July 5, 2019

Great Employment News Is Bad News for the Race and Sex Hustlers

Filed under: Economy,Taxes & Government — Tom @ 12:22 pm

Today’s employment news is especially useful because many people who don’t ordinarily pay much attention to the news and have the day off will hear about this:

Total nonfarm payroll employment increased by 224,000 in June, and the unemployment rate was little changed at 3.7 percent, the U.S. Bureau of Labor Statistics reported today.

The news confirmed that the economy is “blowing away” expectations by some that we’re in for an imminent slowdown.

Looking at the bigger picture almost 2-1/2 years into Donald Trump’s presidential term, it’s remarkable how broad-based and sustained the reductions in unemployment have been. Here are seven fun facts:

  1. We have seen the longest sustained string of monthly unemployment rates at or below 4 percent (16, and counting) since the mid-1960s. The vaunted Bill Clinton-era economy (which was really the Gingrich Congress’s economy in any event) had a streak of 10 months, but its unemployment rate never fell below 3.8 percent. The Trump era has seen five readings of either 3.6 percent or 3.7 percent.
  2. The Asian unemployment rate, at 2.1 percent, is at a record low (seasonally adjusted Asian unemployment has only been tracked since 2003).
  3. The black unemployment rate’s pre-Trump low was 7.0 percent. It is now at 6.0 percent (second-lowest ever), and has been at or below 7.0 percent for 17 consecutive months.
  4. Given the long-term trend of reduced teen participation in the workforce, it’s often a good idea to look at 20-and-over stats. Pre-Trump, the unemployment rate for 20-and-over black women never came in below 5.5 percent. During Trump’s presidency, that rate has been at or below 5.5 percent in 12 of the past 15 months, including a record-low reading of 4.7 percent a little over a year ago and the current 5.3 percent.
  5. For 20-and-over black men, today’s reported 5.8 percent ties November 2018′s record low. Pre-Trump, the lowest rate ever recorded was 6.0 percent.
  6. From the bogus “War on Women” department, the 20-and-over unemployment rate for all women has been 3.3 percent or lower during the past four months. The April and May readings of 3.2 percent and 3.1 percent, respectively, were the lowest figures recorded since … 1953.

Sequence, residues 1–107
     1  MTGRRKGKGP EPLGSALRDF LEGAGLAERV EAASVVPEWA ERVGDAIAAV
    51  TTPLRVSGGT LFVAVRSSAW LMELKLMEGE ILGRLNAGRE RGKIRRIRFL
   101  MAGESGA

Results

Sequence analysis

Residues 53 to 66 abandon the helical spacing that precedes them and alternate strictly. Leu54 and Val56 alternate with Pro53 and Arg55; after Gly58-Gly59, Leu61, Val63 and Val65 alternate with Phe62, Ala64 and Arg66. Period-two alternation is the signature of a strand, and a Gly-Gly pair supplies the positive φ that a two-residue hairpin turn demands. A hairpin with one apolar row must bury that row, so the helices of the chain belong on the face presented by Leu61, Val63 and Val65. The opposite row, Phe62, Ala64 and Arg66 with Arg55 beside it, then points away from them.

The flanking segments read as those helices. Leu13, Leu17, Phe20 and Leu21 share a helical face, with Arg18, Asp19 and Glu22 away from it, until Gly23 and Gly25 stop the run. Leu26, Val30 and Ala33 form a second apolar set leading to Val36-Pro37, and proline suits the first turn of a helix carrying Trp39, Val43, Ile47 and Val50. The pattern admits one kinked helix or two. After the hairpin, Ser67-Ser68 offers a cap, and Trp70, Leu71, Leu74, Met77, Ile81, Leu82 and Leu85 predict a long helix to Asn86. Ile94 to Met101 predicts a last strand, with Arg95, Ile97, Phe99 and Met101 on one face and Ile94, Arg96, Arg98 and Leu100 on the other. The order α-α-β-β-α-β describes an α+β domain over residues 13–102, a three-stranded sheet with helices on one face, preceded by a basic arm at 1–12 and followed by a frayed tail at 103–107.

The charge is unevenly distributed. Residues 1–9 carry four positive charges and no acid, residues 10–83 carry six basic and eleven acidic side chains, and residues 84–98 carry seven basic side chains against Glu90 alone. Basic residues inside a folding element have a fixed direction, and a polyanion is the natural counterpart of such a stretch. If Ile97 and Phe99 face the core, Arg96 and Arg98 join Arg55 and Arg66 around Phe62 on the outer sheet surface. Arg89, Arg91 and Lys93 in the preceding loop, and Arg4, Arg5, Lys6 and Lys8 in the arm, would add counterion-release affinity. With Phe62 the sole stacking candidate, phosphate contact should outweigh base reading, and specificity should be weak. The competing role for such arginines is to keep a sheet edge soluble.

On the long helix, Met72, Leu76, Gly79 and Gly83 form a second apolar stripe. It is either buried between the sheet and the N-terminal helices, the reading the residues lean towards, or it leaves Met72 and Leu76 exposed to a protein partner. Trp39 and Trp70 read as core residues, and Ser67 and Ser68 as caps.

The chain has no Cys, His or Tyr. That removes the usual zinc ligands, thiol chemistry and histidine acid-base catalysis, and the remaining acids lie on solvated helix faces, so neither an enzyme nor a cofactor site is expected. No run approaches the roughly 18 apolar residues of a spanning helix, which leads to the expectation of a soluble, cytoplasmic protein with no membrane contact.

7. The unemployment rate for all Hispanics reached a pre-Trump low of 4.8 percent during 2006. That rate has come in at or below that level in 14 of the past 15 months, and currently stands at 4.3 percent — barely above the all-time lows of 4.2 percent seen in April and May.

If, as so many of his opponents believe, the Donald Trump and his administration are a collection of dedicated white supremacists and sexists, they’re doing a terrible job of carrying out their evil plans.

Friday (Moderated) Open Thread (070519)

Filed under: Lucid Links — Tom @ 6:00 am

This open thread is meant for commenters to post on items which they believe need to be known. Rules are here.

Positivity: What Many of the Declaration’s Signers Endured

Filed under: Positivity,Taxes & Government — Tom @ 5:55 am

This post is a BizzyBlog tradition.

It appeared on July 4 each year until 2016, when it was moved to July 5. Given current circumstances, especially the increased incidence of religious and political persecution here and throughout the world, especially of people who believe in true love and liberty, it seems more appropriate to make this a “day after” post, to remind people of what we owe those who were willing to sacrifice it all in the name of freedom. We may be called upon to do the same — hopefully in smaller ways, but at the rate things are going, who knows? If so, may we have the courage they displayed.

Go here for the story of the controversy over this column, originally written by Jeff Jacoby at the Boston Globe in July 2000.

________________________________

Fifty-Six Great Risk-Takers
By Jeff Jacoby

On July 2, 1776, the Continental Congress voted 12-0 — New York abstained — in favor of Richard Henry Lee’s resolution “that these United Colonies are, and of right ought to be, free and independent States.”

On July 4, the Declaration of Independence drafted by Thomas Jefferson — heavily edited by Congress — was adopted without dissent. On July 8, the Declaration was publicly proclaimed in Philadelphia. On July 15, Congress learned that the New York Legislature had decided to endorse the Declaration. On Aug. 2, a parchment copy was presented to the Congress for signature. Most of the 56 men who put their name to the document did so that day.

And then?

We tend to forget that to sign the Declaration of Independence was to commit an act of treason — and the punishment for treason was death. To publicly accuse George III of “repeated injuries and usurpations,” to announce that Americans were therefore “Absolved from all Allegiance to the British Crown,” was a move fraught with danger — so much so that the names of the signers were kept secret for six months.

They were risking everything, and they knew it. That is the meaning of the Declaration’s soaring last sentence:

“And for the support of this Declaration, with a firm Reliance on the Protection of divine Providence, we mutually pledge to each other our Lives, our Fortunes, and our sacred Honor.”

Most of the signers survived the war; several went on to illustrious careers.

Two of them became presidents of the United States, and among the others were future vice presidents, senators, and governors. But not all were so fortunate.
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